Work over the Web

With summer here, more and more people are looking to take at least some of their work out of the office. But many companies frown upon taking the corporate desktop home. Here are three solutions to the remote access problem.

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If you're like me, you've got what feels like 60 bazillion things going on at the same time. Trying to sync text documents, digital photos, and bookmarked Web pages (as well as applications and their settings) for when I travel or work from home can be like catching water with a sieve.

Thankfully, there's a wide range of remote access programs out there. Some are free, most cost money, and choosing the right one can be a bit of a pain, so we're going to bring the world of remote access a bit closer to home, just in time for the season. Today we're looking at LogMeIn, GoToMyPC and Radmin.

LogMeIn makes a serious bid with its offer of free use for multiple remote PCs. The program has a seamless interface with the remote computer that, unlike its competitors, runs in your Web browser. With Firefox, it requests to install a plug-in and then opens the emulator in a new window.

LogMeIn offers free use for one PC.

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The control window gives you some standard options such as Ctrl-Alt-Del, which kills the connection, the option to log in as a different user while maintaining the connection, and changing the view and connection settings to suit your remote link. The 256-bit SSL encryption and dual passwords--one for the program and one for the remote PC's log in--are welcome and important protections.

There are three issues with LogMeIn that might give you pause. Tab junkies--like myself--beware: with 30 or 40 tabs opened, LogMeIn will take out your clock speed at the knees. The online interface for changing Preferences and other functions was a bit redundant and could have been better designed. The last hang-up is that file transferring is allowed only for paying customers. Still, a little creative thinking can get you around that problem.

The payment plans are fairly reasonable, if paying for software is something you don't mind. Free to use for one remote PC, with reasonable monthly plans if you need more--five computers for $20 per month or $200 per year--make the paid features worth considering.

Thanks to a strong advertising campaign, GoToMyPC is one of the most popular remote access apps around. With an automatic install and quick registration process, crossplatform functionality, handheld device and multiple monitor support, and AES 128-bit encryption, GoToMyPC offers a free 30-day trial to reel you in.

GoToMyPC's remote interface.

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After that, you're looking at $20 per month for one PC, or $30 for two, with each additional an extra $15 per month and 25 percent discounts for yearly subscriptions. That's not cheap.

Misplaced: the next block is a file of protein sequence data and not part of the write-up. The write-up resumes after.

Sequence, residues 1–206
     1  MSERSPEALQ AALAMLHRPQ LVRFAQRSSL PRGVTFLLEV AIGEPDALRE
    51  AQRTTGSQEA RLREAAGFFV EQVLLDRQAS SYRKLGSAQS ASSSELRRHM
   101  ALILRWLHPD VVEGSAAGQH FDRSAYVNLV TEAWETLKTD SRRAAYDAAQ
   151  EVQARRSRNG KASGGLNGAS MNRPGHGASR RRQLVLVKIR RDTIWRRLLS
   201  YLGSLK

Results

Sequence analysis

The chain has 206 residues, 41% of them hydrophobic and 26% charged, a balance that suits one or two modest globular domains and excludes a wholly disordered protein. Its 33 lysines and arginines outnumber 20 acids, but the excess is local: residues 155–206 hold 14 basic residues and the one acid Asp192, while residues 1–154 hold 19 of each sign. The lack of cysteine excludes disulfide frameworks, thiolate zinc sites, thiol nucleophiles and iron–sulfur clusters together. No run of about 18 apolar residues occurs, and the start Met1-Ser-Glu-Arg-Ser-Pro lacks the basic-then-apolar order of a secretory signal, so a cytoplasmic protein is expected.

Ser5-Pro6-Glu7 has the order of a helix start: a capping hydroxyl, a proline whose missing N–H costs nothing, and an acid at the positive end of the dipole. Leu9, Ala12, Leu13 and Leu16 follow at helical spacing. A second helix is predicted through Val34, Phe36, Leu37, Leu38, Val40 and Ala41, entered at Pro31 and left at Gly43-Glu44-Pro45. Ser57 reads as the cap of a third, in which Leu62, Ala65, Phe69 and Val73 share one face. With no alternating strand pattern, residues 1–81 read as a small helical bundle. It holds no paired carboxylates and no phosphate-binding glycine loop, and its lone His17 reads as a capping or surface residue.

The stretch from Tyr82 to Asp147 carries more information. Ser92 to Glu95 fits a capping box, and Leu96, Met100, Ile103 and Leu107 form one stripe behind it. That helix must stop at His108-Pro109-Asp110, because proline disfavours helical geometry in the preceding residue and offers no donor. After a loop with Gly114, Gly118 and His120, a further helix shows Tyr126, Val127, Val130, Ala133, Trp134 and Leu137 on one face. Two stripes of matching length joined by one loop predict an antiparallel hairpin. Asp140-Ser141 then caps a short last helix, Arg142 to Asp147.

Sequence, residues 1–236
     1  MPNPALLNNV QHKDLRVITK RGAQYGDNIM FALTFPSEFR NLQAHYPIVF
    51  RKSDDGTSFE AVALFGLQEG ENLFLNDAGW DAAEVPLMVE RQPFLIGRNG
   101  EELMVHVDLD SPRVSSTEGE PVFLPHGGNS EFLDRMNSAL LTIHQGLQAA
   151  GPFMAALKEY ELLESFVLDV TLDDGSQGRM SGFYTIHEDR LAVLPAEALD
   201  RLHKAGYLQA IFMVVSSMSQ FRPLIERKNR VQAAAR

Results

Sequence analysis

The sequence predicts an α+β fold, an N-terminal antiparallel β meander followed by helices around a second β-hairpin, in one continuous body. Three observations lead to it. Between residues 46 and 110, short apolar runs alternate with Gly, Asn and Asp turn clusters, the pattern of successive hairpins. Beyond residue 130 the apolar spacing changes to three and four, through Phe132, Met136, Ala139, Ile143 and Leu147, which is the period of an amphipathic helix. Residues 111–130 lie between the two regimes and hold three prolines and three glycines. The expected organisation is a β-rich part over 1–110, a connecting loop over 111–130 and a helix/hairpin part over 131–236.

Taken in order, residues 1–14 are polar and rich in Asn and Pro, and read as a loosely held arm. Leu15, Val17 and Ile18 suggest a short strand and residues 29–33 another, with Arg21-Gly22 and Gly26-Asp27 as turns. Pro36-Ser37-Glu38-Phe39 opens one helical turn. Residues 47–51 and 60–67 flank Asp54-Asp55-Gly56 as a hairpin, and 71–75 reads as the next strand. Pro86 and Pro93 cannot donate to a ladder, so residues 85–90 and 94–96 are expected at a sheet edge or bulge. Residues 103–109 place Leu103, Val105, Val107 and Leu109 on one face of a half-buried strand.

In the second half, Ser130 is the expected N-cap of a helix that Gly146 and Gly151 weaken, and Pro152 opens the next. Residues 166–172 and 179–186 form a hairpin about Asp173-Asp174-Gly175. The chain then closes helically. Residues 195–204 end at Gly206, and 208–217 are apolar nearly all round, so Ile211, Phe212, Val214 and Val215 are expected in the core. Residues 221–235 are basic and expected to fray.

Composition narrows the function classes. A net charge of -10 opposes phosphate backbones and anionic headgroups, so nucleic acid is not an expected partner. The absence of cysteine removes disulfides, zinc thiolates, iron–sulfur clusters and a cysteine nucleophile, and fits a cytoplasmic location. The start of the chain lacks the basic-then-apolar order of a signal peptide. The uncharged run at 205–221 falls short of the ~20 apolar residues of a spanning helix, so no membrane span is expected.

The app itself works well. We were able to control our home computer from the office and vice versa with no problems. You connect by going to the GoToMyPC Web site and logging in. A window then opens, bordered in Medusa-esque green, which emulates the screen of the remote PC. Programs on the remote all open within the green border, with some extra remote functions included in the border itself. You can restart the remote computer (and lose the connection), send and sync files, print, and adjust the remote window size, among other tasks. The biggest difference between LogMeIn and GoToMyPC seems to be the pricing plan.

Radmin offers a software-based solution to the remote access question. After downloading and installing the software package on both machines you'll be using, and creating a username and password, you run Radmin Server on the remote machine and note down the IP address. On your guest machine, you run Radmin Viewer, enter in the server's IP along with your nickname and password, and you're good to go.

Radmin's remote interface is fully compatible with Windows Vista.

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As far as interfaces go, Radmin's will seem much more familiar to the casual user. The control window opens up with a row of easily identifiable icons controlling remote functions from file transfers and shutdown to view-only, multiple-monitor switching and voice and text chats. Also, Radmin was the only one of the three that didn't have problems handling Vista screen settings on my XP machine.

All transfers happened speedily, with no noticeable lag. The program functions behind a 256-bit AES encryption, and was easily the fastest of the bunch. If price is your big bug-a-boo, Radmin has a flat fee of $60. It doesn't provide the multicomputer or Web-only support that the other two do, but if you're constantly using the same two computers for your remote access needs and want more functionality than LogMeIn's free-for-one-PC deal, Radmin might be the way to go.

Do you have a favorite remote access program? Dislike one of the ones I've mentioned above? Tell me about it in the comments.

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